How is Colon Cancer Diagnosed?

General investigations of colon cancer may show anaemia or abnormal liver function tests. The blood albumin level may be low. If liver involvement is severe, the clotting profile will be abnormal with a raised INR (International Normalized Ratio).

Prognosis of Colon Cancer

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Early colon cancers have an extremely good prognosis. If they have not invaded through the muscle wall, the vast majority of colon cancers may be cured by surgery. Once the tumour has breached the muscular wall and gone to the regional lymph nodes, over 60% of patients will still survive for at least 5 years. If the tumour has spread to other organs, such as the liver or lung, the current 5 year survival rate is approximately 10%.
How is Colon Cancer Treated?
The treatment of choice for early colon cancer is surgery. For tumours that have not reached the muscular layer within the bowel wall, this will be curative in more than 90% of cases. Colon cancer surgery is usually carried out to remove the primary tumour for all cancers except those that have spread to distant organs. In some of these cases the primary tumour may be resected if the bowel looks as though it will become obstructed. Your surgeon, gastro-enterologist and oncologist can advise you. If the tumour has breached the bowel wall, and especially if it is has gone into the local lymph nodes, adjuvant chemotherapy will increase the chances of success. The same is true if it has spread to the regional lymph nodes. There is a clear consensus of opinion that tumours that have spread to regional lymph nodes should receive adjuvant chemotherapy. Tumours that have breached the muscularis mucosae but have not entered the regional lymph nodes may also benefit from adjuvant treatment. This decision is made on an individual basis in conjunction with your oncology specialist. If the colon cancer has spread to the liver, longer term palliation can still be achieved by surgery for the primary tumour to prevent bowel obstruction, followed by specific treatment for the metastases. If there is just a solitary liver metastases in one side of the liver, there is quite a strong argument for surgery to remove it in patients who are physically otherwise quite well. If the colon cancer has spread to bone and is causing pain, local radiotherapy can be very useful at controlling local symptoms. The standard adjuvant therapy for resected colon cancer is 5-FU and calcium folinate given for six months. Standard therapy for metastic colon cancer is irinotecan, 5-FU and leucovorin. Each of the agents in this regime is administered by IV injection weekly for 4 weeks every 6 weeks.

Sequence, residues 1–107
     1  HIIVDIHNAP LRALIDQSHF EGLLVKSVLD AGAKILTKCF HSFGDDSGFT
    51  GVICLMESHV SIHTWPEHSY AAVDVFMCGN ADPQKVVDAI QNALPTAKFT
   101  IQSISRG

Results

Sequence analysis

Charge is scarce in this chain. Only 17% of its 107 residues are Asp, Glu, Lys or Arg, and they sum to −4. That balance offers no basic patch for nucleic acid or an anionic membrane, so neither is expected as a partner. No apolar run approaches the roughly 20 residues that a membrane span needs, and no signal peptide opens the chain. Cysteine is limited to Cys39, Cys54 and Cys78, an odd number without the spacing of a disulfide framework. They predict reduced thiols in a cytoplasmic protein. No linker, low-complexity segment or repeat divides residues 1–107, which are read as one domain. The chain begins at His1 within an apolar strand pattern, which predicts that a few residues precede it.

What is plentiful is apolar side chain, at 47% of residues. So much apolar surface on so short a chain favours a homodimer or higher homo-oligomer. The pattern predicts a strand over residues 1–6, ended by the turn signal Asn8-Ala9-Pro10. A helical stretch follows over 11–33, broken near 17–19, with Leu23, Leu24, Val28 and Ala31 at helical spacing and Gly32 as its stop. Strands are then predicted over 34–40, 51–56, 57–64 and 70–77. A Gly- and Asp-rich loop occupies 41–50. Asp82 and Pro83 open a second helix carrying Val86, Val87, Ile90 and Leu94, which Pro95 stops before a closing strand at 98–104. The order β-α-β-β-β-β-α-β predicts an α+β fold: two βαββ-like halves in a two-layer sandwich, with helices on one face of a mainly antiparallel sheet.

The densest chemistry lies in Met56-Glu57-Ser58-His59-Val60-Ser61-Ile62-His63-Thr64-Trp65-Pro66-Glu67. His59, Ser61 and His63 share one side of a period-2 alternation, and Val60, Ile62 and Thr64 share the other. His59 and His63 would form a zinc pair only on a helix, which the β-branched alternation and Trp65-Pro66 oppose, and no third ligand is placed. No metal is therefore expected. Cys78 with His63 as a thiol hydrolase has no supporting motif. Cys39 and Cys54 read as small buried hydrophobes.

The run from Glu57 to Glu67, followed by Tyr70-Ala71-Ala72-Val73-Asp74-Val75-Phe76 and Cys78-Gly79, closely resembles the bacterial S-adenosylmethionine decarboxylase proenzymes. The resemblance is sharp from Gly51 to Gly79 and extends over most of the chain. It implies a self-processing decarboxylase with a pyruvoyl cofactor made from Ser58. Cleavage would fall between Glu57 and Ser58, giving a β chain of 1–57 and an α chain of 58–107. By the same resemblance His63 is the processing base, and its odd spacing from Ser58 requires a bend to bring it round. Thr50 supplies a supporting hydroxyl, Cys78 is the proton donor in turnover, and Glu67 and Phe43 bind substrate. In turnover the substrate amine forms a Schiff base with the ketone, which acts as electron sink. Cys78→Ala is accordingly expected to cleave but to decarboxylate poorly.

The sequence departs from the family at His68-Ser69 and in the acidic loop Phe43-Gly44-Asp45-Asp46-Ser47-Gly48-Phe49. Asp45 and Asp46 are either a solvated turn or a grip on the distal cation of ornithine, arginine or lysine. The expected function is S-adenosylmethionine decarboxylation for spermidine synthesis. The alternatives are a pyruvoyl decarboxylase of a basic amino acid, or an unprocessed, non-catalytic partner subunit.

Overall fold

Improvement in symptoms is an important measurement. Specific monitoring may be by measurement of serum CEA. If curative surgical resection has been achieved, repeated checks on a yearly basis by colonoscopy are advisable. Colon cancer imaging is normally carried out either by ultrasound or CT scanning to check for recurrence in the liver or lymph nodes. For metastatic disease, serum CEA can be very helpful in gauging response to treatment. Abnormal liver function tests can be monitored and imaging of any soft tissue metastases, such as in the liver or lung, can be performed. Symptoms that may require attention are fatigue from anaemia, visceral pain from liver metastases and, less commonly, somatic pain from bone metastases. If lung metastases are present there may be pleural effusions causing breathlessness. Effusions may require drainage